Prepubertal Testicular and Paratesticular Tumors Treatment & Management

Updated: Mar 03, 2020
  • Author: Christopher S Cooper, MD, FACS, FAAP; Chief Editor: Marc Cendron, MD  more...
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Treatment

Medical Care

Current chemotherapeutic regimens for yolk-sac tumors are platinum-based protocols. Common agents include etoposide, bleomycin, and cisplatin. Most often, a pediatric oncologist enrolls patients who require chemotherapy into a multigroup research protocol. The protocols vary, depending on the particular trial.

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Surgical Care

The treatment for yolk-sac tumors is inguinal orchiectomy and close surveillance. [25] The tumor usually spreads to the lungs.

Follow-up should include monthly tests of serum alpha fetoprotein (AFP) levels, chest radiography every 2 months for 2 years, and computed tomography (CT) or magnetic resonance imaging (MRI) of the retroperitoneum every 3 months for the first year and then biannually.

Because spread to the retroperitoneal lymph nodes is uncommon, routine prophylactic dissection of the nodes is not performed.

Chemotherapy is administered in patients with radiographic evidence of metastatic disease or persistently elevated serum AFP levels. The use of combination chemotherapy with cisplatin, etoposide, and bleomycin has been an effective treatment for metastatic disease, with a survival rate approaching 90%.

More than 99% of all patients with yolk-sac tumors are expected to survive.

Chemotherapy is recommended in all patients with yolk-sac tumors and stage II disease. In boys with persistently elevated levels of tumor markers after chemotherapy, dissection of the retroperitoneal lymph node may be required. Boys with stage III or IV germ-cell tumors are treated with chemotherapy. If elevated marker levels or retroperitoneal disease persists, biopsy or resection of residual tumor is performed.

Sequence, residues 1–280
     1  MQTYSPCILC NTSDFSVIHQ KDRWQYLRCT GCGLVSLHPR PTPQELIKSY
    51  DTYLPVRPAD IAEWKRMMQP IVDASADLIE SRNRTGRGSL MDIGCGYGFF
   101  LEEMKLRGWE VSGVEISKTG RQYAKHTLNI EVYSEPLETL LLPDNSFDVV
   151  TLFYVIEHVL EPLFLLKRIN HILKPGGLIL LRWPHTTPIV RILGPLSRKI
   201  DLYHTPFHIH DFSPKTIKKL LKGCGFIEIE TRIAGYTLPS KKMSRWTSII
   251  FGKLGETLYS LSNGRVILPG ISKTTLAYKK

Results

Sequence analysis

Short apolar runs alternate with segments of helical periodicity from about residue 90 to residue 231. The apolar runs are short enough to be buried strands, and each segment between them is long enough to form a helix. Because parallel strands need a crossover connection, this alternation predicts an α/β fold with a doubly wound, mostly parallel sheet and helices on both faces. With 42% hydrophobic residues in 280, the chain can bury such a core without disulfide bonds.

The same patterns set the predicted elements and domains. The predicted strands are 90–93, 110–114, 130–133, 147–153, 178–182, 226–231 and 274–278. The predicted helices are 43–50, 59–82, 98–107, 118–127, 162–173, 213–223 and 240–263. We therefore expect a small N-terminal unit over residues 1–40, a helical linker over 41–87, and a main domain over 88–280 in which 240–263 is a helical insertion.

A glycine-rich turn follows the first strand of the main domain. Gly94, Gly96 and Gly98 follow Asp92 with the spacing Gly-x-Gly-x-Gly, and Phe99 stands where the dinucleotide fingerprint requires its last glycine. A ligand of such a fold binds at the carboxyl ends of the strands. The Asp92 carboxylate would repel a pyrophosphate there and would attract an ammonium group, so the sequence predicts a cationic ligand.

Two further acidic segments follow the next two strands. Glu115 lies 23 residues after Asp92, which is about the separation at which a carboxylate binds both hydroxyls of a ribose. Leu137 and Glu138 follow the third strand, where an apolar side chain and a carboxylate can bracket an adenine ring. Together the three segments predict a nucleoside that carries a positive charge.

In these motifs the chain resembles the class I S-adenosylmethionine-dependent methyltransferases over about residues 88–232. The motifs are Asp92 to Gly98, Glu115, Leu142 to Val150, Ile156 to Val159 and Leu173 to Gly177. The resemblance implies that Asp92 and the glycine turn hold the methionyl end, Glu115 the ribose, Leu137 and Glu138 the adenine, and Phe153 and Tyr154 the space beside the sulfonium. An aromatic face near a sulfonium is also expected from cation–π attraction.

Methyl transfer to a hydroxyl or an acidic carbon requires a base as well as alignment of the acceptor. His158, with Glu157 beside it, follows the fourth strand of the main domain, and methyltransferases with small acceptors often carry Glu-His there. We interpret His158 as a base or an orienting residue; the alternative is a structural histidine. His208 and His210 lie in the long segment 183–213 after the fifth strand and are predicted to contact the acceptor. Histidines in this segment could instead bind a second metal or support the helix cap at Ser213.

Prepubertal testicular teratomas, Leydig-cell tumors, and Sertoli-cell tumors are benign, and orchiectomy or testis-sparing surgery [26] with complete excision is curative.

Stage II or higher teratocarcinomas require treatment with cisplatin, bleomycin, and vinblastine.

Treatment of gonadoblastoma involves removal of the gonad. Streak gonads are routinely removed because of the risk of malignant degeneration.

Seminoma is rare before puberty and is managed in a manner similar to that in the adult population.

Juvenile granulosa-cell tumor is managed with inguinal orchiectomy and follow-up chest radiography for 1 year. Juvenile granulosa-cell tumors rarely metastasize. Testis-sparing surgery has not been routinely recommended, though there is growing evidence that this approach is reliable and safe in selected patients. [27, 17, 28, 29, 18]

Perform radical inguinal orchiectomy to treat paratesticular rhabdomyosarcoma. If the scrotum is involved, hemiscrotectomy should be performed, with adjuvant chemotherapy.

All children with rhabdomyosarcoma require vincristine, doxorubicin (Adriamycin), and dactinomycin (VAC) chemotherapy or treatment with a combination of these drugs. Patients with evidence of metastatic disease may require radiation therapy.

Routine dissection of the retroperitoneal lymph nodes is recommended in all patients aged 10 years or older (regardless of the imaging results) and in patients younger than 10 years whose images show retroperitoneal disease.

Children younger than 10 years have a survival rate of nearly 95%. Children older than 10 years have a worse prognosis and an increased risk for involvement of the retroperitoneal lymph nodes; therefore, an aggressive approach with dissection of the retroperitoneal lymph nodes is recommended.

Routine dissection of the retroperitoneal lymph nodes is not performed to manage prepubertal testicular tumors. The incidence of metastases to the retroperitoneal lymph nodes is lower for these tumors than for postpubertal testicular tumors. However, the prognosis of children older than 10 years who have rhabdomyosarcoma is poor; modified retroperitoneal lymph node dissection is now recommended for these patients.

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Complications

Treatment-related complications include known short- and long-term effects of surgery, chemotherapy, and external-beam irradiation. The effects include risk of infertility, hemorrhagic cystitis, and subsequent development of secondary malignancy.

Children should be counseled regarding these risks before treatment.

Long-term follow-up care is required.

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Consultations

Consult a pediatric oncologist if chemotherapy is to be administered; consult radiation oncologists for external-beam irradiation, as indicated.

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